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EM risk: still not in the clear

The environment is still one of very loose monetary conditions in the US, high uncertainty over the ability of the White House administration to unlock a greater growth impulse in the US economy, and some degree of tightening in monetary conditions indices (MCIs) in emerging markets.

This continues to generate a squeeze in the US dollar (weaker dollar and looser dollar funding), directly pushing international capital flows into higher-yielding assets, including emerging markets.

We have been tracking MCIs in the whole of EM for many quarters. It is fair to say that the performance of real effective exchange rates in most of the major EMs, together with some reluctance by central bank policymakers to ease monetary policy, is still generating tightness of monetary conditions in EM.

Despite the broad disinflation trend in many important parts of EM, central bank policymakers in EM have been generally cautious in the way they express a more relaxed view on the macroeconomic backdrop.

All in all, this mix of embedded weakness in the dollar and dollar funding (as the supply of dollar credit remains abundant), together with EM central bank rigidity, continues to drive capital towards EM.

On the credit front, the bias of credit flows towards EM continues to generate a gradual trend of US dollar accumulation by EM central banks.

According to our estimates, the basket of major EM economies (ex-China, ex-Saudi) accumulated $50bn-$60bn (FX-adjusted) in the year to date. This is not massive but it underpins the continuation in a cycle of recovery in some of the basic credit metrics, such as FX reserves balance and current account improvement.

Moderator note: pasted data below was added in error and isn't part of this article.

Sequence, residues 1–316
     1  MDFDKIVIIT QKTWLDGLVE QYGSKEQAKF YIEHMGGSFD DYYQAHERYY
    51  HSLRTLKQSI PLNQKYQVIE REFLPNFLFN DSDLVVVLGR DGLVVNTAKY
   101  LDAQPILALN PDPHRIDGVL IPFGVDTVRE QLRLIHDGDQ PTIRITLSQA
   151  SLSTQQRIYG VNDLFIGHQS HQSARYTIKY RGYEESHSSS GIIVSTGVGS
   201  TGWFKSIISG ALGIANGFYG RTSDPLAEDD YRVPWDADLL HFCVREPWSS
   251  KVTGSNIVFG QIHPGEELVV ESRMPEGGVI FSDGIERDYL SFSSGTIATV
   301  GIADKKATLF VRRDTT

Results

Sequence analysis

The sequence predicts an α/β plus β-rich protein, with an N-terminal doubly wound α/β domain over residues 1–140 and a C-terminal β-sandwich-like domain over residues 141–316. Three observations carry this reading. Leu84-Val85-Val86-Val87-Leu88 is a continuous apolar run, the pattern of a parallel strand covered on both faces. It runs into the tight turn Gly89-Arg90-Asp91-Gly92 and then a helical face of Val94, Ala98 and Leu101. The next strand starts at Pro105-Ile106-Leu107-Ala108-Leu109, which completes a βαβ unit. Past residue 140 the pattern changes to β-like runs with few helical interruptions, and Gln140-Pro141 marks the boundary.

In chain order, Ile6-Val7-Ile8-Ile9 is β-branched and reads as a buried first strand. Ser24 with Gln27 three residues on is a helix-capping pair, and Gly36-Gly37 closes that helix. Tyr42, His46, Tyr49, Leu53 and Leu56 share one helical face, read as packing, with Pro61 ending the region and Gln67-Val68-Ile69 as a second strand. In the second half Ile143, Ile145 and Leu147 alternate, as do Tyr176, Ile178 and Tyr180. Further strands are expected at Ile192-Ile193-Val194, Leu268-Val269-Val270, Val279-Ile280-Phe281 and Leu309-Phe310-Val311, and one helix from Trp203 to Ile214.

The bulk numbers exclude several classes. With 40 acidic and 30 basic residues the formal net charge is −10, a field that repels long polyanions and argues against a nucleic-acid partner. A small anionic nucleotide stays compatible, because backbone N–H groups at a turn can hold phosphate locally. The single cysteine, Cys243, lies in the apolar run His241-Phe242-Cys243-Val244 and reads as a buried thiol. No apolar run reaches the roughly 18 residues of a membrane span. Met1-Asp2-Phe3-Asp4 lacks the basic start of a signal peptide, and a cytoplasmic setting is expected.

However, not everything is rosy in the EM asset cycle. It is not that straightforward.

The markets went through a sizeable moment of relief in core and EM rates, following an extended sell-off over the past couple of weeks. The last batch of developed market inflation prints (US, EUR and UK) pointed at a low probability of inflation upside surprises at the core over the next few months.

So, we still face the following dilemma: output expansion (which supports some withdrawal of central bank stimulus) versus very timid medium-term inflation dynamics.

In a nutshell, we still believe global flows have yet to adjust to the prospect of a synchronised withdrawal of stimulus by developed market central banks over the coming quarters. We are also concerned with the extension of “available duration” in the European markets. Since the announcement of the European Central Bank’s PSPP asset purchase programme, European treasuries have sold more debt with significantly longer duration.

Overall, this makes us particularly concerned with the directionality of flows in European government bonds and rates.

However, we acknowledge the fact that the lack of traction in the medium-term inflation profile remains one stumbling block for any additional hawkishness by the Fed and the ECB, as the central bank consensus tries to gain some room for a gradual tightening in monetary conditions.

In the meantime, we believe it is fair to imagine upside economic surprises in the US may attempt a comeback over the summer (based on the historical performance of the spread between economic surprise indices in the US and Europe), possibly closing the currently wide gap between European and US economic momentum.

If this scenario prevails, it is still difficult for us to envisage an easy path in EM risk, ahead of Fed and ECB meetings in the autumn.

Luis Costa is head of CEEMEA FX strategy at Citi.